Ephedrine can definitely be effective in weight loss. Honestly, you'd be hard-pressed to find a fitness competitor who doesn't use such products for an extra metabolic kick before a competition. If used as part of a healthy, balanced diet and exercise regimen, a low to moderate dose of ephedrine just might give you that fat-burning boost you've been looking for as long as you don't experience any side effects.

    Warning sings

    Ephedrine interacts with many other substances and can be potentially dangerous for users with a pre-existing medical condition of which they may not even be aware. However, implicating ephedrine in a serious reaction is hardly a black-and-white issue. "It is very difficult to establish a direct causal link between an 'event' and ephedra usage," notes Dr. Morris. "Essentially, the older you are and the more medical conditions you have, particularly involving the cardiovascular or central nervous system, the more likely you are to experience an adverse event."

    These include increased blood pressure, arrhythmias [heart rate irregularities], insomnia, nervousness [anxiety], tremors, headaches, seizures, heart attacks and strokes, explains Barke. You'll find hundreds of "adverse event reports" such as these on the U.S. Food and Drug Administration's website, but such events are self-reported by consumers and difficult to authenticate. Countless sports organizations have banned the substance, including the International Olympic Committee, NCAA and the NFL.

    Further, individual susceptibility varies greatly -- while one person may experience very few or no side effects, another may feel sick, jittery and dizzy. "This is where good old-fashioned common sense may be lifesaving. If intolerance to ephedra is experienced, it is not wise to continue using it," Dr Morris warns.

    The right dose for you

    To determine the amount of ephedrine to take, calculate the total milligrams of EAs listed on the product label. The recommended dose per day (24 hours) ranges from 20 mg to 90 mg of EAs total. Start slow, perhaps at one-half of one pill per day Gradually increase it and back off if you experience any negative side effects. Do not exceed a total of 90 mg EAs per day.

    The amount of ephedrine per dose varies greatly from product to product, so you'll need to carefully check the label to determine dosage. Additionally, "Despite what is listed on the label, the actual amount of ephedra alkaloid present in the product can vary," says Dr. Morris. "What you see is not always what you get." Stick with reliable companies with extensive label information rather than buying a no-name brand off the Internet.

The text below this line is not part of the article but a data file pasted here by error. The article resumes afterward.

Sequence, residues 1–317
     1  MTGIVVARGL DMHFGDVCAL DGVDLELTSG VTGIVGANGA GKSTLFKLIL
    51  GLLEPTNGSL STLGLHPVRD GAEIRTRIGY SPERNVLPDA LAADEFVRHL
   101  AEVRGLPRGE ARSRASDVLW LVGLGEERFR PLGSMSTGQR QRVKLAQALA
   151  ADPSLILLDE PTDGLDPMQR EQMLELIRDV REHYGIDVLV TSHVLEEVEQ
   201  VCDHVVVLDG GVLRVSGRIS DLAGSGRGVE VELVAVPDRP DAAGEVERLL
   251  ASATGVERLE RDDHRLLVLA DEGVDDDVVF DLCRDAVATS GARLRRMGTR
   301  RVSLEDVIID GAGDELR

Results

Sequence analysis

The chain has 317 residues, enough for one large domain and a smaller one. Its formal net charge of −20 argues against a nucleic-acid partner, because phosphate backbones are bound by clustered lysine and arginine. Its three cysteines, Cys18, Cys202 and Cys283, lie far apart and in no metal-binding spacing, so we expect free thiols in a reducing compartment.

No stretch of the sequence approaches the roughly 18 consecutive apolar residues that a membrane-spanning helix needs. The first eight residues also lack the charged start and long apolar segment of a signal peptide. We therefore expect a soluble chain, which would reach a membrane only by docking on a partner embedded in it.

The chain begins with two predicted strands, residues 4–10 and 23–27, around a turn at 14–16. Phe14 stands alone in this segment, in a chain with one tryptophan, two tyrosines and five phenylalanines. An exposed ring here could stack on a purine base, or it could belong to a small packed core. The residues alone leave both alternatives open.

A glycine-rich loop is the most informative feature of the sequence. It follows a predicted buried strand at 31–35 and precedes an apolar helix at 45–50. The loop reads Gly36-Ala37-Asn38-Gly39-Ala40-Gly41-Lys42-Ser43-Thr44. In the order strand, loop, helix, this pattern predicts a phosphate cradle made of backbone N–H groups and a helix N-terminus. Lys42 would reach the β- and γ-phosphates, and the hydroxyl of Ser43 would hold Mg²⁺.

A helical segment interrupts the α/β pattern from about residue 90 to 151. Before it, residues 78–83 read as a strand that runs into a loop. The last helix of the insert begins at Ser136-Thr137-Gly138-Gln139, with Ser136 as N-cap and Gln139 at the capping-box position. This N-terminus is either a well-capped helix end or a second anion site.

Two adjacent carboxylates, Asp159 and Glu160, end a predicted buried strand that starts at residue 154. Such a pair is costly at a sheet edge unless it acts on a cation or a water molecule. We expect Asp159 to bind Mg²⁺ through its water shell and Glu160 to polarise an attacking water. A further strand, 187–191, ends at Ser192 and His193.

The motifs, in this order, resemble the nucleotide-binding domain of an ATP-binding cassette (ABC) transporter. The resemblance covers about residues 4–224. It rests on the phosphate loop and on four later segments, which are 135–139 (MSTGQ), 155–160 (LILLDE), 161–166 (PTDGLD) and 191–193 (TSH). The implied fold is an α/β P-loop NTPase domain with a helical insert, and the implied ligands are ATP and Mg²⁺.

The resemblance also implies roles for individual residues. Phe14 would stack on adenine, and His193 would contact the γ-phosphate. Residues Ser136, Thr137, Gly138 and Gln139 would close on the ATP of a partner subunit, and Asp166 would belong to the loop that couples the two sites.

The big picture

    We advise looking at the big picture before deciding to use an ephedrine-based product. First get your diet and exercise plan in order, and investigate whether your lifestyle is contributing to your lack of fat loss or energy to train. Then consider your individual cost-to-benefit ratio and take careful note of any side effects you experience with ephedrine.

    Stay safe by following the guidelines provided in "Safety Tips to Keep in Mind," above. The bottom line? "Listen to what your body tells you," Dr. Morris suggests. "If taking ephedra creates intolerable side effects even when taken as recommended, don't press your luck."

    (*.) Names have been changed for privacy

     

    Related article: Safety tips to keep in mind

    If you choose to take ephedrine-based fat burners follow these guidelines:

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  • Let your doctor or pharmacist know that you're taking it, especially if you're on any other over-the-counter or prescription medications, says Sheri Barke, MPH, RD.
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  • Choose a product with no more than 20-25 mg ephedrine per pill, and do not exceed 90 mg total per day.
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  • If the label doesn't list the precise quantities of all ingredients and/or doesn't carry a warning label, don't buy it, says Barke.
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  • If you already consume caffeine through your usual food and beverage intake and aren't willing to give these up, choose a caffeine-free product, advises Barke.
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  • Brake recommends avoiding products containing yohimbe, any herbal laxatives (like senna and cascara) or herbal diuretics (such as nettle leaf and sarsaparilla).
  • Don't use if you have heart disease, thyroid disease, diabetes, high blood pressure, depression or other psychiatric disorder, glaucoma, difficulty urinating, prostate enlargement or seizure disorder; if you're using a monoamine oxidase inhibitor (MAQI) or any other prescription drug; or if you're using any other over-the-counter products containing ephedrine, pseudoephedrine or phenyl-propanolamine (ingredients found in certain allergy, asthma, cough/cold and weight-control products). Do not use if you're pregnant or plan to become pregnant or are breastfeeding.
  • Discontinue use of ephedrine-based fat-burners and call a health professional immediately if you experience rapid heartbeat, dizziness, severe headache, shortness of breath or other similar symptoms. Performance plus?

    Many people swear that ephedrine improves their workouts, but Leslie Bonci, MPH, RD, director of sports medicine nutrition at the University of Pittsburgh Medical Center Health System, recommends taking a closer look at the relationship between ephedrine and exercise performance. She advises keeping a detailed training log of the reps, sets and pound ages you to in an exercise session so you can really tell if ephedrine improves your performance.
  • COPYRIGHT 2002 Weider Publications